Former Vice President Joe Biden promised on Sunday to nominate the first Black woman to the U.S. Supreme Court should he win the White House in November.
He made the vow during a Democratic presidential debate with U.S. Sen. Bernie Sanders (I-VT). Pitching to women voters, and Black women voters in particular, has become an important part of Biden’s campaign. He also committed during the debate to choose a woman as his running mate, which he’s hinted at doing in the past.
A lot needs to happen between now and November before a Black woman is nominated—let alone confirmed—to the Supreme Court. And Biden can make all the promises he wants. None of those promises will mean anything if Democrats fail to win the Senate in November, since we can no longer assume a Republican majority in the chamber will ever hold hearings for a Democratic president’s Court nominee.
But it’s good of Biden to make the pledge. Sanders should follow suit. And whoever ends up the Democratic nominee should make fixing the courts—starting with diversifying the bench—a tentpole of their presidential run. The future of any Democratic reform likely depends on it.
Roe has collapsed and Texas is in chaos.
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But who could Biden choose for an open Court seat? Here are six options.
Ketanji Brown Jackson
Judge Ketanji Brown Jackson of the United States District Court for the District of Columbia is an obvious choice. A former clerk of Supreme Court Justice Stephen Breyer, Jackson was nominated to the federal bench in 2012 by President Barack Obama and is related by marriage to former Republican Speaker of the House Paul Ryan.
Jackson is 49—young by federal judge standards—and Obama reportedly considered her to fill the Supreme Court vacancy created by the death of Justice Antonin Scalia in 2016. In November 2019, Judge Jackson ruled that former White House Counsel Don McGahn must comply with a subpoena issued by the House Judiciary Committee to testify before Congress during the impeachment inquiry into President Donald Trump. The U.S. Department of Justice appealed that ruling. The full U.S. Court of Appeals for the District of Columbia Circuit will hear that appeal later this year.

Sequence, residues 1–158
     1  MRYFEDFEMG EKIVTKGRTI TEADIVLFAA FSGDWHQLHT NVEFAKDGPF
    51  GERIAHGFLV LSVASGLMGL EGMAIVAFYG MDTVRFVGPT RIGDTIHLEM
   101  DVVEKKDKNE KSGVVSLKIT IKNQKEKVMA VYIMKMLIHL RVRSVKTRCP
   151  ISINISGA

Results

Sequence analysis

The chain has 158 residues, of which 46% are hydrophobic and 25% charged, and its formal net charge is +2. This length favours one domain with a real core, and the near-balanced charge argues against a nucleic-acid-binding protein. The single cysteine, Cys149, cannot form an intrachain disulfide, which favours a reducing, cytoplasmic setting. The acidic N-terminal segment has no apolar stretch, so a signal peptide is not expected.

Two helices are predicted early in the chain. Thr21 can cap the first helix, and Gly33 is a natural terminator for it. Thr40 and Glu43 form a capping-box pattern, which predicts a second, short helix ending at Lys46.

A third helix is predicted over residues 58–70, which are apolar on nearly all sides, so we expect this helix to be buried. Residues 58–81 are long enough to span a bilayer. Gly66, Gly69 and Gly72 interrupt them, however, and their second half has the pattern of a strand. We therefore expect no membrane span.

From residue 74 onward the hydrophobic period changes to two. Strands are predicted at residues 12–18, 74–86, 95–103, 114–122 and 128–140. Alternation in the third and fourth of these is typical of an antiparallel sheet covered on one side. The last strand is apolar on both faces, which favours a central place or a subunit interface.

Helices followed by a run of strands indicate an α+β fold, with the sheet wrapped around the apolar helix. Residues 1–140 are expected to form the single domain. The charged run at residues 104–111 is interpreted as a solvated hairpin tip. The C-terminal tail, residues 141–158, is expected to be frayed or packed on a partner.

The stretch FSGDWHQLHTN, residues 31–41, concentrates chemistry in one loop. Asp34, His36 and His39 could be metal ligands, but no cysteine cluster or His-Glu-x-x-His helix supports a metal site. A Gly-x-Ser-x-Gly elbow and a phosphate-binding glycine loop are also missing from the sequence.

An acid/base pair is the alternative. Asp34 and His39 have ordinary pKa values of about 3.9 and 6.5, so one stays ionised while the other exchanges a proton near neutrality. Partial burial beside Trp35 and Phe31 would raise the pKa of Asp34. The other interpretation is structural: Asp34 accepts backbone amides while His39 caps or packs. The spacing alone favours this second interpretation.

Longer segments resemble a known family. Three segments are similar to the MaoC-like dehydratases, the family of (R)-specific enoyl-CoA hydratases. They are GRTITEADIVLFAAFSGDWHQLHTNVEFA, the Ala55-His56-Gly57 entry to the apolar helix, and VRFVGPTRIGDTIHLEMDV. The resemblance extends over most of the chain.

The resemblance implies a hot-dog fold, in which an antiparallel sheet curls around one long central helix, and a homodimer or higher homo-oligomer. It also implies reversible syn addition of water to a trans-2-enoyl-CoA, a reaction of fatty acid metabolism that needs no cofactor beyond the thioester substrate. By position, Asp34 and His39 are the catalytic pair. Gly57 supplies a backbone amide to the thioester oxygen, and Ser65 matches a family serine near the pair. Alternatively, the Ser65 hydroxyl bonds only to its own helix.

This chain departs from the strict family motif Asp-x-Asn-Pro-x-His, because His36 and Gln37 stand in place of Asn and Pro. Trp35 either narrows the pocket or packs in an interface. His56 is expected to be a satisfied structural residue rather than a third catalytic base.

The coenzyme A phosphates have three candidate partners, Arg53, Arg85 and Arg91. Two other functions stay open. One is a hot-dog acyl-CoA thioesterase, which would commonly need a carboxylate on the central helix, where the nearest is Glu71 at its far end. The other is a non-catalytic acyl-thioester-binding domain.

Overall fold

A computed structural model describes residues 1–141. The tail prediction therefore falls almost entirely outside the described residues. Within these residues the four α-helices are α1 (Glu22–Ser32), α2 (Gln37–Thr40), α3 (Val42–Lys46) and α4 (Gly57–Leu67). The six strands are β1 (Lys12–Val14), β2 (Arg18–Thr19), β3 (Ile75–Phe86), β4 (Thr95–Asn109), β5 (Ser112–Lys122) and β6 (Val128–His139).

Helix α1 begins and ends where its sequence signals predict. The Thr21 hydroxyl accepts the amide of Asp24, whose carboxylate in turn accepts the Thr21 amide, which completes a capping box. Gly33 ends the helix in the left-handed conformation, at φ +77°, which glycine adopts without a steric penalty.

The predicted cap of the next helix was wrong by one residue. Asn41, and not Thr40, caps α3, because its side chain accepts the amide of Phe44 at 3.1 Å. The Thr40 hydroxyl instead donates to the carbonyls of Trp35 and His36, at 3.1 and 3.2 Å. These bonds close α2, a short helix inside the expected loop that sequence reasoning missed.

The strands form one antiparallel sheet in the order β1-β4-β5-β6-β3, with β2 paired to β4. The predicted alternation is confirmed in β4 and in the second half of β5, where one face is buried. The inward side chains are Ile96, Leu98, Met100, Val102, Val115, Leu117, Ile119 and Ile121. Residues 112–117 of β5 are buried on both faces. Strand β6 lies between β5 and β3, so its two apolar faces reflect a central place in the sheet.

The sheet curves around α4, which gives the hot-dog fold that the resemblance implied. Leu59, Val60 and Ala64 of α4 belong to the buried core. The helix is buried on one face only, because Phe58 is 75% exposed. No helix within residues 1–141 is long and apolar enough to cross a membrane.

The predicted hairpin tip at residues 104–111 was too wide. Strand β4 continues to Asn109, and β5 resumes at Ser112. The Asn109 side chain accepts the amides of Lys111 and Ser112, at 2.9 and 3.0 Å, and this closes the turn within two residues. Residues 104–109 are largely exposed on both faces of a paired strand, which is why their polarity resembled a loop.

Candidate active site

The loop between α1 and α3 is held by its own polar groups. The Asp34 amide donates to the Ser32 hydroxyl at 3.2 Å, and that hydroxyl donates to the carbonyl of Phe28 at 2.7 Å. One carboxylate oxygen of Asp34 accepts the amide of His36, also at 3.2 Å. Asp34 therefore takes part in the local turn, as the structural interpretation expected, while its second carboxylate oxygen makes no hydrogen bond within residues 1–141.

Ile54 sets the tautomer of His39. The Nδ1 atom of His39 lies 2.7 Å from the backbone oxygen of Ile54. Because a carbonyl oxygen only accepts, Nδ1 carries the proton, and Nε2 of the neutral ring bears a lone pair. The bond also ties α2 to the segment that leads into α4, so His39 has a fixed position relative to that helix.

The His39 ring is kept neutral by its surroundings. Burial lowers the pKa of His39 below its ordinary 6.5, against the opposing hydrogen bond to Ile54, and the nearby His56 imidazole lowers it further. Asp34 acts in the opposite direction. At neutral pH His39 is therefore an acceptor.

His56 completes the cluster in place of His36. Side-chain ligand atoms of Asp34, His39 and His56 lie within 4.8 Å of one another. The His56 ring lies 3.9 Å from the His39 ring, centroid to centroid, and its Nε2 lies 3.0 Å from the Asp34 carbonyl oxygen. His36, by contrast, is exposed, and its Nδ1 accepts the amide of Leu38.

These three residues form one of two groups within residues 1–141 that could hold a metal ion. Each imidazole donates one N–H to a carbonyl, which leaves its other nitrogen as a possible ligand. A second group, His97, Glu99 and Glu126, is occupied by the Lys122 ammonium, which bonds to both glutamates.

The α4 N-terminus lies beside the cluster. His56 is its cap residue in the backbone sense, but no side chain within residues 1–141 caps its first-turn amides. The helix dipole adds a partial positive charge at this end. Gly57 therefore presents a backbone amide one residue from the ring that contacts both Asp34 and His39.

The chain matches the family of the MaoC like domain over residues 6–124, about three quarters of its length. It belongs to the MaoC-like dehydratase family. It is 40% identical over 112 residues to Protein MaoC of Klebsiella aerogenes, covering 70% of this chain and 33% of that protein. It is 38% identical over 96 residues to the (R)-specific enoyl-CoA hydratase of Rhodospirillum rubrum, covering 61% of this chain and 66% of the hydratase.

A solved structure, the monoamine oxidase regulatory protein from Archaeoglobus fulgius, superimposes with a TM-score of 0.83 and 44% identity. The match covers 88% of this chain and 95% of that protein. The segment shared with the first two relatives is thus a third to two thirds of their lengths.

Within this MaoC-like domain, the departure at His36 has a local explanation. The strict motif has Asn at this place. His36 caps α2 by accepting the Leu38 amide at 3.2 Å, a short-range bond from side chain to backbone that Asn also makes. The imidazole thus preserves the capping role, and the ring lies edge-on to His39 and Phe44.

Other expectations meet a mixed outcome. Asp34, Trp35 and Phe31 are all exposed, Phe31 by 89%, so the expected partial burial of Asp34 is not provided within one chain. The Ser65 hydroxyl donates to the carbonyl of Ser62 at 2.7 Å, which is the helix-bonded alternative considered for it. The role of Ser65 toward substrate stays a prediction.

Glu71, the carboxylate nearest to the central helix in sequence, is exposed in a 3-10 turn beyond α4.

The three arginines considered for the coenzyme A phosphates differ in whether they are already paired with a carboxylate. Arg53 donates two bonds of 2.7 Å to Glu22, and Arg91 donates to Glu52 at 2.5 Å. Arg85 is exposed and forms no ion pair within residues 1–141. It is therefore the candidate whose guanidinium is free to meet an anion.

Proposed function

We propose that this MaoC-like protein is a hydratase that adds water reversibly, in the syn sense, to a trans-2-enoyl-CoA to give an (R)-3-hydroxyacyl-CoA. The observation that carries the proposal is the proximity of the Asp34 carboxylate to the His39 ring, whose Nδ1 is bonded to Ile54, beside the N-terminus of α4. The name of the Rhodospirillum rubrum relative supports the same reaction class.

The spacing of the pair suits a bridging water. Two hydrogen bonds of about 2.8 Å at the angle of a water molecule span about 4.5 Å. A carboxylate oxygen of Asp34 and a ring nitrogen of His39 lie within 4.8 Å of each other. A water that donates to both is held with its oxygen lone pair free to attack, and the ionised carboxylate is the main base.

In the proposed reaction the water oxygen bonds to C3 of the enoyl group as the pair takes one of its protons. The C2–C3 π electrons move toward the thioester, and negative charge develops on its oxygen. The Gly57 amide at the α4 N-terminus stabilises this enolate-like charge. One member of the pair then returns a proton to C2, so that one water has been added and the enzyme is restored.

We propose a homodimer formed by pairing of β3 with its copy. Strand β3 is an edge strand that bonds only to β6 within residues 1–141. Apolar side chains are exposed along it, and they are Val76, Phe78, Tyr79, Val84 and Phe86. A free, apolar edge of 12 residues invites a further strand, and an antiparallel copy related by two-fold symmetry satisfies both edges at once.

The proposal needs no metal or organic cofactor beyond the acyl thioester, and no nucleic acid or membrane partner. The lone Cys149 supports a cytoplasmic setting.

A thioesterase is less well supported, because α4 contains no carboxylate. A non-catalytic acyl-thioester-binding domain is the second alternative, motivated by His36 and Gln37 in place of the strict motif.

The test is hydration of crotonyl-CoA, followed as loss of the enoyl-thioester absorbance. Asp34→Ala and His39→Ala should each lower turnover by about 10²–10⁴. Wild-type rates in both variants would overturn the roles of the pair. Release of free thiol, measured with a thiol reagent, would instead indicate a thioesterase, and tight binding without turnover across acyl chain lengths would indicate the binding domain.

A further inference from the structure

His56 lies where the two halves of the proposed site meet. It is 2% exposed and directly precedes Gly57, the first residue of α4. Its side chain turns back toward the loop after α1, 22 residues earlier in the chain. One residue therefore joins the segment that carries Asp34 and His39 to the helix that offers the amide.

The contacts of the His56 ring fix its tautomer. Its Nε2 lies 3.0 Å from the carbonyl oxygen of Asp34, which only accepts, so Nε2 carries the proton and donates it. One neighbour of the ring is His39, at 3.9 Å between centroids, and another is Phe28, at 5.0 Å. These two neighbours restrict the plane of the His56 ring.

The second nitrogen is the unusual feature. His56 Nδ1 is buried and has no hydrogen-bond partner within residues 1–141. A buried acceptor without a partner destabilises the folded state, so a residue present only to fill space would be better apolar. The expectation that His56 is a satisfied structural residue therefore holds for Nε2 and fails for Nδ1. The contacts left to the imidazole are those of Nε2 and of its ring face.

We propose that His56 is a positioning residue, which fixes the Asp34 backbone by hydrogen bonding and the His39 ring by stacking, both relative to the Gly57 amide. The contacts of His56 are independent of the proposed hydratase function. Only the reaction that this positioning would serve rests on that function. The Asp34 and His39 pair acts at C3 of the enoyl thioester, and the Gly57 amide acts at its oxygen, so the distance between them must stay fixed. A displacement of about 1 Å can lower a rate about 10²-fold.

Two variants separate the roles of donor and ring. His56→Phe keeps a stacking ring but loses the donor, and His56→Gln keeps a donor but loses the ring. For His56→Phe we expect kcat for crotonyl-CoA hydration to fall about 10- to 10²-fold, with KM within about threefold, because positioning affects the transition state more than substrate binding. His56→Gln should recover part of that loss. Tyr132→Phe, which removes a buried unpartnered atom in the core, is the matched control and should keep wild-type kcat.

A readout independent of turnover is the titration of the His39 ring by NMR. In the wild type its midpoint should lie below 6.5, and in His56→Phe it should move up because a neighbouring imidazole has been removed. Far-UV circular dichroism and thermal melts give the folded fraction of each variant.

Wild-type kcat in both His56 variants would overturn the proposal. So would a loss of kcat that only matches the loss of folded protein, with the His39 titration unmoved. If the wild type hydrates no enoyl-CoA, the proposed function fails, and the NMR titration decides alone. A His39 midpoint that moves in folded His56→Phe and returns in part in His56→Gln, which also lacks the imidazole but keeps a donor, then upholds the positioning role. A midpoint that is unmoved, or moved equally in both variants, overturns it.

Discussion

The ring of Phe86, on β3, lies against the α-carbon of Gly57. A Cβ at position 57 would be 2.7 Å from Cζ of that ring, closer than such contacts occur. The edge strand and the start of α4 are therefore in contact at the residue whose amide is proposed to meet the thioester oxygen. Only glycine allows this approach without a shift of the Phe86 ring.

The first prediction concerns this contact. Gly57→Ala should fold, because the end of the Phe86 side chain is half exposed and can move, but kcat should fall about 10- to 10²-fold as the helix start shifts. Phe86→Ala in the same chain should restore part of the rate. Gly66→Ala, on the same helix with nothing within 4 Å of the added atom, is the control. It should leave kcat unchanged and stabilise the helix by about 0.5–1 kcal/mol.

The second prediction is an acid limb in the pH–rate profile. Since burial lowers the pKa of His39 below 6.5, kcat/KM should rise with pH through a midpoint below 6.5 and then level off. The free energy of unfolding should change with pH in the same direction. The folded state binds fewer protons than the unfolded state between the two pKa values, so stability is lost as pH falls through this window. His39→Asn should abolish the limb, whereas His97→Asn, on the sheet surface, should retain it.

Sen. Kamala Harris (D-CA) would be a formidable force on the bench. While attorney general for California, Harris refused to defend Proposition 8, the state’s ban on same-sex marriage that the Supreme Court ultimately declared unconstitutional in 2015 in the historic decision Obergefell v. Hodges. As a member of the Senate Judiciary Committee, Harris was one of the toughest and most vocal critics of Justice Brett Kavanaugh. A Harris appointment would not risk a Senate seat for Democrats—California Gov. Gavin Newson, a Democrat, would nominate her replacement. Harris endorsed Biden for president this month.
Judge Bernice Donald of the Sixth Circuit Court of Appeals would be the first former public defender on the Court. Judge Donald was first nominated to the district court by former President Bill Clinton and then the Sixth Circuit by Obama.
In October, Judge Donald issued a scathing dissent in a decision upholding a Kentucky law mandating an ultrasound prior to an abortion. “The Commonwealth has coopted physicians’ examining tables, their probing instruments, and their voices in order to espouse a political message, without regard to the health of the patient or the judgment of the physician,” she wrote in her dissent. “Armed with the title ‘informed consent,’ the majority affirms this practice as constitutional.”
The Supreme Court declined to intervene in the Kentucky dispute, leaving that Sixth Circuit decision in place.
In 2000, Judge Johnnie Rawlinson was the first Black woman appointed to the Ninth Circuit Court of Appeals. In 1980, Judge Rawlinson was one of two Black women first admitted to practice law in Nevada and was rumored to be on Obama’s shortlist of Supreme Court nominees.
Ojetta Rogeriee Thompson
Ojetta Rogeriee Thompson is the first black woman and second woman to serve as a federal judge on the First Circuit Court of Appeals. Judge Thompson began her career as a cashier at the Providence, Rhode Island Civic Center before eventually working as an intern for Rhone Island Legal Services and then as a staff attorney doing public interest law. In 2009, Obama nominated Judge Thompson to the First Circuit; she was confirmed unanimously in 2010.
California Supreme Court Associate Justice Leondra Kruger could be a Supreme Court nominee for either Biden or Sanders. Justice Kruger, 43, is a former clerk to Supreme Court Justice John Paul Stephens, and she served in the Obama administration’s Department of Justice. Justice Kruger was appointed to the California Supreme Court by then-Gov. Jerry Brown (D) in 2014 and was retained by voters for a full 12-year term in 2018. She is the second Black woman to serve on the California Supreme Court.